“Lifting the ban on the transfers to Yemen is an important step for closing Guantanamo,” Roth said. “But there will be no light at the end of the long Guantanamo tunnel until Yemenis and other detainees actually start being transferred.”
Military Commissions and Indefinite Detention
In his speech, President Obama broke little new ground on the issue of prosecuting Guantanamo detainees except to signal a plan to transfer some to the US for trials before military commissions. While moving the commissions to the US might address some logistical concerns, it would not change the fact that they are fundamentally unfair.
Obama addressed the situation of 46 detainees who were designated by an inter-agency task force as “too dangerous” to release but who could not be tried – in some cases, he said, because the evidence against them had been compromised or was inadmissible in court. While Obama said he was confident this “legacy problem” could be resolved consistent with the rule of law, he provided no indication that the 46 men would not be detained indefinitely. If these detainees cannot be prosecuted, they should be released, Human Rights Watch said.
“Prolonged indefinite detention without charge or trial violates international human rights law,” Roth said. “But Obama’s apparent plan to move detainees to the US for prosecution before discredited military commissions relocated in the US is not the answer.”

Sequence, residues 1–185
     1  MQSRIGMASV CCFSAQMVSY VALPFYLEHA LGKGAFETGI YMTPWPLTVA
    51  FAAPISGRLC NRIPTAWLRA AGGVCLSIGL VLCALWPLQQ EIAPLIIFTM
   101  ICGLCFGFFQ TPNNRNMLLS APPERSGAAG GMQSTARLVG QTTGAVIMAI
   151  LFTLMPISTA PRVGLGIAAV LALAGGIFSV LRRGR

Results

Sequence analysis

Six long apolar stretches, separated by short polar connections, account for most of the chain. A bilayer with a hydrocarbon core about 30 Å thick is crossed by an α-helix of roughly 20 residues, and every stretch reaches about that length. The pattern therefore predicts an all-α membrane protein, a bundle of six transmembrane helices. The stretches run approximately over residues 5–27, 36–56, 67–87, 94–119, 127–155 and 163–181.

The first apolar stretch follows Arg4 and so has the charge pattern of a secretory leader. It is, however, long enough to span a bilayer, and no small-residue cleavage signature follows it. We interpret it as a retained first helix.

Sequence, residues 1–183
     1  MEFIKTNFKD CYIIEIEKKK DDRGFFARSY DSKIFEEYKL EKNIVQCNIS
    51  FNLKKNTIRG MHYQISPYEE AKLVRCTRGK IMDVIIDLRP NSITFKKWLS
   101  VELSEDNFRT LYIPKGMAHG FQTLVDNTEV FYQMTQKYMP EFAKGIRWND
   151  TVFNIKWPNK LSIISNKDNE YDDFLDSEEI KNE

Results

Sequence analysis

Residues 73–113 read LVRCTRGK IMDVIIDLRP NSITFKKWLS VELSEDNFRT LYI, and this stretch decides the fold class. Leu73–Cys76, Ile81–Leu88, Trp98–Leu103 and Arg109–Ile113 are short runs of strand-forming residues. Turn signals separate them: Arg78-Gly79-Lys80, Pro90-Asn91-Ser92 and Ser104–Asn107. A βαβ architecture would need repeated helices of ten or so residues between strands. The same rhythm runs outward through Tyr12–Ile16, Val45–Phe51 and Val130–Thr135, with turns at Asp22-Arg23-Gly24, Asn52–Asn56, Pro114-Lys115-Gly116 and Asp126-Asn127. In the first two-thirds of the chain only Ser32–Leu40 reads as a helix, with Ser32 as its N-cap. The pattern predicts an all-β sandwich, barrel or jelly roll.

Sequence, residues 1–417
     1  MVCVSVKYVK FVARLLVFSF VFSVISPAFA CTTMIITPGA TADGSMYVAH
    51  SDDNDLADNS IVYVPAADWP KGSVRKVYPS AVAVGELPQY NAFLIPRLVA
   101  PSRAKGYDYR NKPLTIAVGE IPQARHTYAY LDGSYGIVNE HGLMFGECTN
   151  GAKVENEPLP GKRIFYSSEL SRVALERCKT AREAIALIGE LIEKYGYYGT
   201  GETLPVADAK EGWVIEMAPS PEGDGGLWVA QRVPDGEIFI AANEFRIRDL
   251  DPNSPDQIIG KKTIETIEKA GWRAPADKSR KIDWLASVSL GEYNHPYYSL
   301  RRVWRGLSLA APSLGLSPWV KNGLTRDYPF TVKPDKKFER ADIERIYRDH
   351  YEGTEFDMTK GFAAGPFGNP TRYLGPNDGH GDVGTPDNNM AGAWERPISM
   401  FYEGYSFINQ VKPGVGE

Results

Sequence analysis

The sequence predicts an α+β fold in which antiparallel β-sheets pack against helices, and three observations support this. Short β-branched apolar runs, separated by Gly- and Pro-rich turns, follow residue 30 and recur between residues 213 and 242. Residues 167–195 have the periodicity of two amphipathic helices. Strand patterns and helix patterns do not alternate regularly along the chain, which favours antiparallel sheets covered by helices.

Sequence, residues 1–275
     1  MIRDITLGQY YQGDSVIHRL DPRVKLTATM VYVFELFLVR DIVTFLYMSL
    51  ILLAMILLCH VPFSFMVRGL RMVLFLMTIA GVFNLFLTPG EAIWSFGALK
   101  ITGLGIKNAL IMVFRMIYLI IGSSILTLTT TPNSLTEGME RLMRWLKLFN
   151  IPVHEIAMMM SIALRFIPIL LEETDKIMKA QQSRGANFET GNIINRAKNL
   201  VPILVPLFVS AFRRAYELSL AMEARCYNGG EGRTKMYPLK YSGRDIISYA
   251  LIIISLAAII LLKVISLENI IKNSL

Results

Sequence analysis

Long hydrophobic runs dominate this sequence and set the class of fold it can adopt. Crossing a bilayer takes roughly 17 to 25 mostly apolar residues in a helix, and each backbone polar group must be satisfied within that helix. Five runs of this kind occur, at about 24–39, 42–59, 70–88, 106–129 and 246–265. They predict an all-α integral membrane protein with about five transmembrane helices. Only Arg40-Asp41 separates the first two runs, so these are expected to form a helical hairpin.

Though their rules have been rewritten three times since the military commissions were first formed in 2005, and additional procedural protections were added under Obama's presidency, they still do not meet international fair trial standards, Human Rights Watch said. Among other flaws, the commissions lack judicial independence, allow the admission of certain coerced testimony, permit the military to hand-pick the jury pool, and fail to protect privileged attorney-client communications.
“Obama should take to heart the resounding applause to his statement that Guantanamo should never have been opened, and close it once and for all,” Roth said. “Ending indefinite detention, restoring the use of federal civilian courts, and acknowledging the wrong that has been done to the men imprisoned illegally would show the president wants to close not only the physical site of Guantanamo, but also the idea of Guantanamo.”